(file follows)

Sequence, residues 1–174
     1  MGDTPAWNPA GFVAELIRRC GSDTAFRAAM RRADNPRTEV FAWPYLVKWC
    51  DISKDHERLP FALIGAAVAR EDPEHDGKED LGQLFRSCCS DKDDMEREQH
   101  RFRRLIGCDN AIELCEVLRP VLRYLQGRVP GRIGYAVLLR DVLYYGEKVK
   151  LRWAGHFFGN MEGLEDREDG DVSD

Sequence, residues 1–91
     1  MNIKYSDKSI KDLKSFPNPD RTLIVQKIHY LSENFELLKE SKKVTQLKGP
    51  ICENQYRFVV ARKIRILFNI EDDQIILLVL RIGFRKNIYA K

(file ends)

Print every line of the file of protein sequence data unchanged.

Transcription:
Sequence, residues 1–174
     1  MGDTPAWNPA GFVAELIRRC GSDTAFRAAM RRADNPRTEV FAWPYLVKWC
    51  DISKDHERLP FALIGAAVAR EDPEHDGKED LGQLFRSCCS DKDDMEREQH
   101  RFRRLIGCDN AIELCEVLRP VLRYLQGRVP GRIGYAVLLR DVLYYGEKVK
   151  LRWAGHFFGN MEGLEDREDG DVSD

Sequence, residues 1–91
     1  MNIKYSDKSI KDLKSFPNPD RTLIVQKIHY LSENFELLKE SKKVTQLKGP
    51  ICENQYRFVV ARKIRILFNI EDDQIILLVL RIGFRKNIYA K